Funds shortage puts Zimbabwe’s cholera relief in jeopardy

January 23rd, 2009 - 9:41 pm ICT by IANS  

Johannesburg, Jan 23 (DPA) As the death toll from Zimbabwe’s cholera outbreak inches towards 3,000, the International Federation of the Red Cross and Red Crescent Societies (IFRC) Friday issued a desperate appeal for funding to keep its relief operations afloat.The Red Cross is leading the non-governmental response to the cholera outbreak in Zimbabwe.

Its work, which includes rehabilitating the old and setting up new water supply, sanitation and cholera treatment systems, is critical to attempts to check the spread of the waterborne, diarrhoea-related disease.

The scale of the operation is unprecedented in Red Cross terms - bigger, in terms of the number of emergency health units deployed than its response to the Myanmar cyclone last year. But the organisation could have to suspend within a month if it doesn’t receive new funds.

“As it stands now, we won’t be able to continue our operations beyond the next four weeks,” Tony Maryon, head of the IFRC’s team in Zimbabwe, said in a statement.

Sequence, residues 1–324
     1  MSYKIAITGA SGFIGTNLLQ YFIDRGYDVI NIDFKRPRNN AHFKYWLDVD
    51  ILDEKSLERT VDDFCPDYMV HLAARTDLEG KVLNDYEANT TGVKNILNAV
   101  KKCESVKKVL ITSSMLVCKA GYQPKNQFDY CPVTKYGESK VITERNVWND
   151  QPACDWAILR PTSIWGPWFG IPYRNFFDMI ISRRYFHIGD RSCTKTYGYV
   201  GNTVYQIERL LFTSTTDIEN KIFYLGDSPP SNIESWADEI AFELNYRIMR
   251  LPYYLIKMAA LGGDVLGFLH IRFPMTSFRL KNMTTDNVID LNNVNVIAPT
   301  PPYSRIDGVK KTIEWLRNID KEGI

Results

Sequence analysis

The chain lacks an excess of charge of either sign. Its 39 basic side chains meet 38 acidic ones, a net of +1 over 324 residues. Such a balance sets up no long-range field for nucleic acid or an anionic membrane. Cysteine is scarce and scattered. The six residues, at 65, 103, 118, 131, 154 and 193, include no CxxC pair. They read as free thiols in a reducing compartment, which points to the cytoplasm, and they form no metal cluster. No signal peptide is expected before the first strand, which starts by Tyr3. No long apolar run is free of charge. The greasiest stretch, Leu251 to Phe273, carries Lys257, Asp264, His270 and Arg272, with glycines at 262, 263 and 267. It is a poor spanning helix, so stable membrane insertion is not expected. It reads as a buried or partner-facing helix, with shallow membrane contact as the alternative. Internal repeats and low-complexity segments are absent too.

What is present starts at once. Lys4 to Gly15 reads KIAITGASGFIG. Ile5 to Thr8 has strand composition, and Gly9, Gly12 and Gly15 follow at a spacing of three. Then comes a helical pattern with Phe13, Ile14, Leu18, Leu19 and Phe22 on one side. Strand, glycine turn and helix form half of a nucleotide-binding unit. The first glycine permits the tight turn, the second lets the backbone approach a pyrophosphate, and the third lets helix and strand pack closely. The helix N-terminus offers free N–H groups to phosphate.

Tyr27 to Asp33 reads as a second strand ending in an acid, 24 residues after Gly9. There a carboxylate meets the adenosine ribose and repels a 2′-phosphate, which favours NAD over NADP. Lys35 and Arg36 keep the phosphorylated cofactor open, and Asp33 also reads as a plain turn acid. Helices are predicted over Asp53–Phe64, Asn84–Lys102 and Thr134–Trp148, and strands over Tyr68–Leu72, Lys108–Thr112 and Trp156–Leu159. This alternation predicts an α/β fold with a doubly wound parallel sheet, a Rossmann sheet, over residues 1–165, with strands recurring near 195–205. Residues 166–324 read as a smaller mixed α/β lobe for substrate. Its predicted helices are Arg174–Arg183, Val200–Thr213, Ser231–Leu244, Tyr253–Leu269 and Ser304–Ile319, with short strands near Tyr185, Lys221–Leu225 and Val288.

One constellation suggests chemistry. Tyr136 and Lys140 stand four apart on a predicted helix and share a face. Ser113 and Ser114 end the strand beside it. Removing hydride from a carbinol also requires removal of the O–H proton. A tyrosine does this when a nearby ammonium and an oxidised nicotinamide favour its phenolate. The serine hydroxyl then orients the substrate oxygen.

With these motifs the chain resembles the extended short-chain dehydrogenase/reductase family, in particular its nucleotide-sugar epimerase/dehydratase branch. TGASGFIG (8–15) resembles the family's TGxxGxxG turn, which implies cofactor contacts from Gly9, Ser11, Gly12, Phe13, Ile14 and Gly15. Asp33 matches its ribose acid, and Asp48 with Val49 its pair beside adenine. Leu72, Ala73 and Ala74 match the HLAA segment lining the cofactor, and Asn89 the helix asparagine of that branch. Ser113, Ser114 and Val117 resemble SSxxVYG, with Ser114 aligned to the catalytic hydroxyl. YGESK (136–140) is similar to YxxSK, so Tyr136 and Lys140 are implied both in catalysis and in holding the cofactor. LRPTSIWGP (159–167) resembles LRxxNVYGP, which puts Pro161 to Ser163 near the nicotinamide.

In December, the Geneva-based organisation appealed for 10.2 million Swiss francs ($9.2 million) in funding for the Zimbabwe cholera emergency. To date donors have only stumped up 40 percent.

In the meantime cholera continues to spread. The number of dead rose 20 percent over the past week to 2,755. In total, 48,000 people are infected with the disease.

“Because of the severity of this outbreak, we fear that it will take many more weeks to get it under control,” said Maryon.

The Zimbabwe Red Cross has deployed 1,000 volunteers across the country. A key component of their work is sensitising ordinary people to the risk of infection and giving them the basic tools, like water purification tablets, to protect themselves.

“Because of the breakdown in the information infrastructure, people don’t know why people are dying,” said Matthew Cochrane, the IFRC’s southern Africa spokesman.

Cochrane cited the example of one area, where fishermen were burying their cholera dead along the banks of the lake where they fish, completely unaware they risked contaminating the water and putting further lives at risk.

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